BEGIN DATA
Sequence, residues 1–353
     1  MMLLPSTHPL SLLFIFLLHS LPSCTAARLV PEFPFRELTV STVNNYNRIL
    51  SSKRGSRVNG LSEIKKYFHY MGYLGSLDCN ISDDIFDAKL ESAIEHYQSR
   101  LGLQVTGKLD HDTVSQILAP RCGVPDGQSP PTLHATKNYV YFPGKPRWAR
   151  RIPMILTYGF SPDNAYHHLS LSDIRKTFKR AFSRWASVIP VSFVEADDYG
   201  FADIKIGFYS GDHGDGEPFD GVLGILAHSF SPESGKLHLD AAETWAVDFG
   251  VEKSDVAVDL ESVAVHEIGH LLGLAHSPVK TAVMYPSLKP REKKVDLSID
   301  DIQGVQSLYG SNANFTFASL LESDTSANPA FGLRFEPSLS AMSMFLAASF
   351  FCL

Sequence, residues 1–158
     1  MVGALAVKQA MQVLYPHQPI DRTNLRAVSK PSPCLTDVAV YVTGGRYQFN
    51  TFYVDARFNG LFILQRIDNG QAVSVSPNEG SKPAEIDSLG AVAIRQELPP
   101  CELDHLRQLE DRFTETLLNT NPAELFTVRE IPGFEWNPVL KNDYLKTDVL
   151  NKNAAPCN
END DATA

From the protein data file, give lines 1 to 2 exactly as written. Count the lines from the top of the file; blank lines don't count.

Sequence, residues 1–353
     1  MMLLPSTHPL SLLFIFLLHS LPSCTAARLV PEFPFRELTV STVNNYNRIL